Sticking with infrastructure, Wignall says the UK’s major new-build rail scheme should be delivering work very soon. “For HS2, from a building services perspective there’s not a lot that has come to market yet, but we expect that to change next year,” he says. “It’s a 10-year programme, but there are stations, depots, shafts and portals and tunnel fit-out contracts that we expect to see coming to market over the next two years.”
“[On HS2] there are stations, depots, shafts and portals and tunnel fit-out contracts that we expect to see coming to market over the next two years.”
Holbrow provides a regional fly-by of movement in the market. “Life sciences is a sector which [with Covid], is very much of interest at the moment,” he says. “With pharmaceuticals and research [construction activity] already peaking, I think we will see that continuing and we’re tracking continuing and increased funding in the sector. From a regional perspective, that tends to push you towards Cambridge and East Anglia as well as Oxford. The North West also has a strong life sciences research presence, with a number of research organisations there, which is attracting an increased level of activity.”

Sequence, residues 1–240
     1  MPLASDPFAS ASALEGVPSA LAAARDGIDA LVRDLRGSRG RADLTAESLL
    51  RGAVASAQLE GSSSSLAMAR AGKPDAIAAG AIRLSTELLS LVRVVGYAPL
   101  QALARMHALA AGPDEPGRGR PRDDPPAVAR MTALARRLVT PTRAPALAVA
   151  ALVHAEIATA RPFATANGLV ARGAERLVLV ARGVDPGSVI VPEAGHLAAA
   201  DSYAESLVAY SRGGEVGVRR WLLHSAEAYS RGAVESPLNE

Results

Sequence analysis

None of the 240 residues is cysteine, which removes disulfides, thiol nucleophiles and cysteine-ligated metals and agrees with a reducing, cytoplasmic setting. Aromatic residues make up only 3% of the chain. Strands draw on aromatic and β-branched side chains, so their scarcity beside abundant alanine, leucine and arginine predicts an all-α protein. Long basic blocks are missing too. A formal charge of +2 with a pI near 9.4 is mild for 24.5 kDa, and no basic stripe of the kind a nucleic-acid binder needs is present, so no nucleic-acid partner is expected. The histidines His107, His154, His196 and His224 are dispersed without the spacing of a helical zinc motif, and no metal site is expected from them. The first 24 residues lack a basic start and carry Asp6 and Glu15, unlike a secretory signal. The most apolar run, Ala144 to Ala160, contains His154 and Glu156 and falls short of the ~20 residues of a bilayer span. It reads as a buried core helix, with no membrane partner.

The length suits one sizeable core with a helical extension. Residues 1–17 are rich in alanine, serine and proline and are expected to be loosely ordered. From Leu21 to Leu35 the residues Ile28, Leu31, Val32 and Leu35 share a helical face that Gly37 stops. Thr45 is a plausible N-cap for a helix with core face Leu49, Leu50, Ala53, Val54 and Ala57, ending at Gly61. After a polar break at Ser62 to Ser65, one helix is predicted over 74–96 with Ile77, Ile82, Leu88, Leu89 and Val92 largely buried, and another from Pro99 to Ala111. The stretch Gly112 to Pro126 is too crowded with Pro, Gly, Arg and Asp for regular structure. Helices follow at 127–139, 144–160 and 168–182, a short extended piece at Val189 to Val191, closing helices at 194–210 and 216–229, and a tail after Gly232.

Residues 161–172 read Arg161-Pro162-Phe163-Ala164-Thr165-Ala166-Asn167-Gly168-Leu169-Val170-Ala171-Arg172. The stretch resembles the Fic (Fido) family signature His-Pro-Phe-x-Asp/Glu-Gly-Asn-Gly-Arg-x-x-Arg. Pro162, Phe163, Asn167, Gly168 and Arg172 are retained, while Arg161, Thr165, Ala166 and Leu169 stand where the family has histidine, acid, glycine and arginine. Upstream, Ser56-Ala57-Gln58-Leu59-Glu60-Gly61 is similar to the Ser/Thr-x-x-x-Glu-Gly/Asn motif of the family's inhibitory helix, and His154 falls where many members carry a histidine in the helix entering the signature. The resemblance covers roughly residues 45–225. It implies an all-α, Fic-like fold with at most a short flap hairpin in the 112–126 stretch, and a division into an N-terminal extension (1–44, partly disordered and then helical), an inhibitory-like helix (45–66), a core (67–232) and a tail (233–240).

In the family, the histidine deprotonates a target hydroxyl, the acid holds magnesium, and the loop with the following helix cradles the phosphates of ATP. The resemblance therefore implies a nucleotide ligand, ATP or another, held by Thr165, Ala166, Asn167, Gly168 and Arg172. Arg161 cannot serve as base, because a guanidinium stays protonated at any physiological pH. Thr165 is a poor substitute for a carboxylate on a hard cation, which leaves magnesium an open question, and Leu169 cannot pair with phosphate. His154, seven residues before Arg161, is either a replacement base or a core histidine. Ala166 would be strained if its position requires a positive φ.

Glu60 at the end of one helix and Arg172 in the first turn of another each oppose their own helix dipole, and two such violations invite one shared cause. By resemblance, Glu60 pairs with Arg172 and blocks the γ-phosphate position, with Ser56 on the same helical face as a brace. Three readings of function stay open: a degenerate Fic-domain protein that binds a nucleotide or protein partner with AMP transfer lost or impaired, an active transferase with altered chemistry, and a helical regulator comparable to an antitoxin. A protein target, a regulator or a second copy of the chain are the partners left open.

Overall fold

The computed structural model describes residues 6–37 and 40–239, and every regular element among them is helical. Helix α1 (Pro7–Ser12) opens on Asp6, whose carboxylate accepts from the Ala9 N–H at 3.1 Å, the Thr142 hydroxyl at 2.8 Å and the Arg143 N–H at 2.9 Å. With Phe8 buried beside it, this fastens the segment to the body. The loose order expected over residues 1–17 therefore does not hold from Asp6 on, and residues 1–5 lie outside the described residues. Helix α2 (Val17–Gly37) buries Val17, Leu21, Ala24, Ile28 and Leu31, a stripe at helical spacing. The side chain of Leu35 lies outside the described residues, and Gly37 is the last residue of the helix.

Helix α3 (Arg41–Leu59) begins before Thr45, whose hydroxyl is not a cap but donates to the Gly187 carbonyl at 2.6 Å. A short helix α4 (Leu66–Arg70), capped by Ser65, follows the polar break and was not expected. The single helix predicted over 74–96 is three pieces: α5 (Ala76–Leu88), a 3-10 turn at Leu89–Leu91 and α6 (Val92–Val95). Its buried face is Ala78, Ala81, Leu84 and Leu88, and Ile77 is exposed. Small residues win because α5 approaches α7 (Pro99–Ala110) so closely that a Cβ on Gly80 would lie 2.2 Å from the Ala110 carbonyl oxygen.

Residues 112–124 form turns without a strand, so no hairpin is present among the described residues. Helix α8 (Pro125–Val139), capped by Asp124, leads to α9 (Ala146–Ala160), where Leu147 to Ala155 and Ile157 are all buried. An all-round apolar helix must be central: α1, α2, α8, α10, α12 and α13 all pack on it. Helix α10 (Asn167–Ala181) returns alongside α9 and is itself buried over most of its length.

Wignall concurs. “It’s a sector we’re looking at very closely. Not surprisingly there’s a lot of interest and it does centre on the main universities. We are tracking our consultant colleagues and the main contractors on projects that are coming onsite in the next 12 months. It’s generally more biotech – such as cancer research, rather than physics, in terms of what’s coming through the pipeline.
“It’s generally more biotech – such as cancer research, rather than physics, in terms of what’s coming through the pipeline.”
Here, perhaps, is an anomaly that might not have been expected in the leisure market in the current climate. “We are very surprised about the number of hotel schemes coming to market,” says Wignall. “You would have thought that with the drop off in [hotelier] cash flows, everything would be suspended, but that’s not the case. Particularly around London and the other major cities there are still schemes coming to market – it’s the high end boutique hotels,” he says.
“If you start hotel work now then you’re not taking revenue for two to three years, so I guess people are looking beyond the pandemic to the underlying demand for accommodation. [Clients] have secured funding and are looking beyond the immediate crisis,” he says.
“We are very surprised about the number of hotel schemes coming to market,”
“When I think manufacturing [pipeline] I immediately think of the Midlands and possibly the North East,” says Holbrow. “There’s going to be an impact – there already is because of Covid and [with Brexit coming] I’m not quite sure which way to call it at the moment.” He offers the positive scenario. “Because of transport logistics issues and delays getting across borders, you could perhaps make a case for more self-reliance with localised and less extensive supply chains. If that was to be, the midlands and the North East primarily would benefit from that.”